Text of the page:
The Dawoodi Bohra community, which is building a mosque in McKinney, has also run vaccine clinics to help residents get their flu shots.
A pair of groups in McKinney are looking to make sure the fruits of their new relationship result in fewer Collin County residents experiencing hunger during the winter months.
The Dawoodi Bohra community of Collin County, whose members are part of a denomination of Islam with a large number of followers in India, partnered with the Little Free Pantry of McKinney on United Nations World Food Day earlier this month, conducting a pantry collection and donating food items and toiletries.
“Our new partnership with the Dawoodi Bohras of Collin County has been one of friendship, warmth, giving and grace,” Kim Sanchez, founder of Little Free Pantry McKinney, said in a news release. “Their generosity has been overwhelming and their compassion has been heart warming, specially during these challenging times. We are lucky to have them in our community”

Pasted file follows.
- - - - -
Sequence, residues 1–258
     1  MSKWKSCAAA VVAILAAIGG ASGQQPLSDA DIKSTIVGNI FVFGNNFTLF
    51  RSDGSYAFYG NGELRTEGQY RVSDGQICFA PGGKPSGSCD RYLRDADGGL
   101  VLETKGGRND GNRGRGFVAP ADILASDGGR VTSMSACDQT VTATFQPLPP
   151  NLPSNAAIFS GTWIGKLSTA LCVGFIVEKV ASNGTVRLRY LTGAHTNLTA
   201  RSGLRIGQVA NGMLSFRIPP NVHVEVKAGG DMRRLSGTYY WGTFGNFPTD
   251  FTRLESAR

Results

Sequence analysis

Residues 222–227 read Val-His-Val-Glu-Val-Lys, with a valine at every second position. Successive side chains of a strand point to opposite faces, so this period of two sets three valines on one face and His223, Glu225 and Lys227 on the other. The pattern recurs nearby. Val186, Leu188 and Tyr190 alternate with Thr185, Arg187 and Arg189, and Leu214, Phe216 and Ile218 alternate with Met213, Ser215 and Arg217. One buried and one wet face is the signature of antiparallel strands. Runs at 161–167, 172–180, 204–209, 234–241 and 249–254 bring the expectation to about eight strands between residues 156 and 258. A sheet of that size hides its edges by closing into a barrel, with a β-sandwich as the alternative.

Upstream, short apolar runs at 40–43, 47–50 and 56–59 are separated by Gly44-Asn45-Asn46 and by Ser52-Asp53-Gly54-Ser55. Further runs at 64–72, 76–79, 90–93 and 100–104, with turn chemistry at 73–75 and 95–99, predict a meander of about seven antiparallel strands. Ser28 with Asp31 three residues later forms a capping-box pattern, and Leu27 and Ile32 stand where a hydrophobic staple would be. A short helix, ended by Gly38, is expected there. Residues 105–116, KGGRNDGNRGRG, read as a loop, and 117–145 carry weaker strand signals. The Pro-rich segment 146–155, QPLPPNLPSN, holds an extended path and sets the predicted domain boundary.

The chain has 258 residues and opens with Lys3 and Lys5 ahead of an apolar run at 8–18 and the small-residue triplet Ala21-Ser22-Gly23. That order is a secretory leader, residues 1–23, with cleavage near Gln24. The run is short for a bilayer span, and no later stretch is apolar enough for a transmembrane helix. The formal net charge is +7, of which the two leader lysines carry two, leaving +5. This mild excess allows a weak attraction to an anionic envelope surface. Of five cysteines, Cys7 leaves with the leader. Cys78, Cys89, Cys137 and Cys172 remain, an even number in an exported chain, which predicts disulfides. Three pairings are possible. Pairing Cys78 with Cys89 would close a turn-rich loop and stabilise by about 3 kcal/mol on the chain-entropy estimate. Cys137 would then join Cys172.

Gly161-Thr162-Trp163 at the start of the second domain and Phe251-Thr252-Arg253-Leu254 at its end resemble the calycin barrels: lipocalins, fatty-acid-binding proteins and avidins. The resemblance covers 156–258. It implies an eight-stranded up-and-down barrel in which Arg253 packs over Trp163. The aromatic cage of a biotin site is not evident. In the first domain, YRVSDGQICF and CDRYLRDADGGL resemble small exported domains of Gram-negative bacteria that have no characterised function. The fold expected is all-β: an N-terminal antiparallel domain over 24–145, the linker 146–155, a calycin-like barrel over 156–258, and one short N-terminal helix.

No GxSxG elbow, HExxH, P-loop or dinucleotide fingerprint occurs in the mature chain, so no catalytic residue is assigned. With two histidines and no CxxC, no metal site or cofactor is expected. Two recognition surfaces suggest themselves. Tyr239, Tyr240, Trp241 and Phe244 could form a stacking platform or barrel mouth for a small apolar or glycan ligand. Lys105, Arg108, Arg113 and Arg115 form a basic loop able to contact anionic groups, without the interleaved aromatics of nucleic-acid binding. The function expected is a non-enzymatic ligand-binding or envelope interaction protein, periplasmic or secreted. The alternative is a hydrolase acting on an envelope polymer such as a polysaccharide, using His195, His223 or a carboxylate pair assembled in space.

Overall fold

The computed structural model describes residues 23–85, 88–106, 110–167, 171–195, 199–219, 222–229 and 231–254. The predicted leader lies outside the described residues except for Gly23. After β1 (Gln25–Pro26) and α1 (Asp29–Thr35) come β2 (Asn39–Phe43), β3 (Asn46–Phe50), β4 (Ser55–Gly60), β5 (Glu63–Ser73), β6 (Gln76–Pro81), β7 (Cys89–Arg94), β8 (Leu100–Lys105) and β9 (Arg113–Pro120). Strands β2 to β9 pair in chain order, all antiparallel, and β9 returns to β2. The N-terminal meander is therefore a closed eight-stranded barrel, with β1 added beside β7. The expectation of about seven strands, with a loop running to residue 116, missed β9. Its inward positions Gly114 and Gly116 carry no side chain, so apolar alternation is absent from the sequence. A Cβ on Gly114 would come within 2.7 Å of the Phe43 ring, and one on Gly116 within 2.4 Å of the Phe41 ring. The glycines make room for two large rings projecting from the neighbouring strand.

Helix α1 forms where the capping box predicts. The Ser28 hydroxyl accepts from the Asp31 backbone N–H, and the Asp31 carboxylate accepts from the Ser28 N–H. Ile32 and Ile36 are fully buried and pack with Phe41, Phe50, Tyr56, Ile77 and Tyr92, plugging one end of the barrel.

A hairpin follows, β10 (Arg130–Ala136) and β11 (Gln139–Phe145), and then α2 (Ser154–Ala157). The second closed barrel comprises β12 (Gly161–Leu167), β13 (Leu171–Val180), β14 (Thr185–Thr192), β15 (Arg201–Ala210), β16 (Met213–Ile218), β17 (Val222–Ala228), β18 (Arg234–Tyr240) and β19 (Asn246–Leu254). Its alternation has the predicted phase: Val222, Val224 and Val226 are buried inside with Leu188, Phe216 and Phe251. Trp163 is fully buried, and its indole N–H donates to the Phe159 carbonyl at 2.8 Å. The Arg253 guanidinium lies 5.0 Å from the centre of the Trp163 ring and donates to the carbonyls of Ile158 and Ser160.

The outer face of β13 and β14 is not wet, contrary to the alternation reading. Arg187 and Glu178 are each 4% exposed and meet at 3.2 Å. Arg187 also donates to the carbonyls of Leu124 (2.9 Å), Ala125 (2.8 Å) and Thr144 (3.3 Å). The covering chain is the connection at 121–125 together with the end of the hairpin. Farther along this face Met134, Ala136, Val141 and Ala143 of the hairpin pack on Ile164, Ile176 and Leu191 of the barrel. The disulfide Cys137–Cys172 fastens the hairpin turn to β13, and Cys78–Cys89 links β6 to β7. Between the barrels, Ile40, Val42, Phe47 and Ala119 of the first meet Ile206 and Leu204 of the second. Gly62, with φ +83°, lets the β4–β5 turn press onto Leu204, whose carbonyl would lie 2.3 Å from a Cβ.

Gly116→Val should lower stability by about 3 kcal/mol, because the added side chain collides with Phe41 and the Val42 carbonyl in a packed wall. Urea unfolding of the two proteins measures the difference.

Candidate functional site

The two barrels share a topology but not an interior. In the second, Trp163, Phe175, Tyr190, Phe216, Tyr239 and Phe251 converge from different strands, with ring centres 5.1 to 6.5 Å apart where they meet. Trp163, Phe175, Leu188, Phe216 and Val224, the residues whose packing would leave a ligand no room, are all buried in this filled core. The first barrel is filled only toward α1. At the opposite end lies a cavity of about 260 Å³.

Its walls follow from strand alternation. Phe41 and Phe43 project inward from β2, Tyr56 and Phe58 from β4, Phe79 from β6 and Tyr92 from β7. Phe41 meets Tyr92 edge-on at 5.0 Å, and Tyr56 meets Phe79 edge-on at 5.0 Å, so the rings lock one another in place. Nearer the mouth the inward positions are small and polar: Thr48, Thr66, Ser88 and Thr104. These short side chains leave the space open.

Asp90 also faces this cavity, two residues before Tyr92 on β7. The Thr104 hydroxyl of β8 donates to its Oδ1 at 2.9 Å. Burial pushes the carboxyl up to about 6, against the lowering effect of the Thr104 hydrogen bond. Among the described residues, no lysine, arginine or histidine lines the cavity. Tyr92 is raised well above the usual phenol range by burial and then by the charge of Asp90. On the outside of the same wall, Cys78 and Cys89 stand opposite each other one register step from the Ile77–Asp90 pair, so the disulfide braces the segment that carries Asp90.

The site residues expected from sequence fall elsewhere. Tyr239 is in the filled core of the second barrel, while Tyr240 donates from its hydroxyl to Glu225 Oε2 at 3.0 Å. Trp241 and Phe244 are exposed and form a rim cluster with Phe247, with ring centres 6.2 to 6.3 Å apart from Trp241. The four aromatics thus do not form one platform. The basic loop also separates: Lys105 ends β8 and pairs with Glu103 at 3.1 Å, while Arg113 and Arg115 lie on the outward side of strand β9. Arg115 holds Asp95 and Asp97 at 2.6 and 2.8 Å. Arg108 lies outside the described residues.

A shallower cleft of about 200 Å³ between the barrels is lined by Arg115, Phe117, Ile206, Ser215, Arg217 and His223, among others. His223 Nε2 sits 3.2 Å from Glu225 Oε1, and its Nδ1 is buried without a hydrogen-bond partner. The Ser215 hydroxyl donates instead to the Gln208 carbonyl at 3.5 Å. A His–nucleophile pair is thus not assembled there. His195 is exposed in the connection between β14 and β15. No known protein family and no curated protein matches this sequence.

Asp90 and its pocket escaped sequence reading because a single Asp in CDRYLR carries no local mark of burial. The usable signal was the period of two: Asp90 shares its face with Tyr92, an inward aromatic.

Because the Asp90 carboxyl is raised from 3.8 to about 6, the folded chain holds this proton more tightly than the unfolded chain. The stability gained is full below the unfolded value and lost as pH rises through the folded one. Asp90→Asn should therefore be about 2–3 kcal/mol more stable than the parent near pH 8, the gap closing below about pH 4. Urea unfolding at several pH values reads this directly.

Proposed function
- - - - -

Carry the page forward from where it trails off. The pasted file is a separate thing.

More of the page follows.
“This year, Governor Abbott in his public service announcement urged all Texans to get their flu shots to reduce the chances of contracting and spreading the flu. The Collin County Medical Committee of The Dawoodi Bohras felt that now, more than ever, especially with the pandemic, that we wanted to do a community outreach to encourage and provide flu shots to those in need — to those who otherwise may not have gotten one,” community spokesperson Rashida Rasheed said in a statement.
According to the group, the Dawoodi Bohra community in Collin County is made up of about 75 families, most of whom come from India. They are currently in the process of building a masjid, or mosque, at 1410 S. Tennessee St. It is scheduled to be completed next year.
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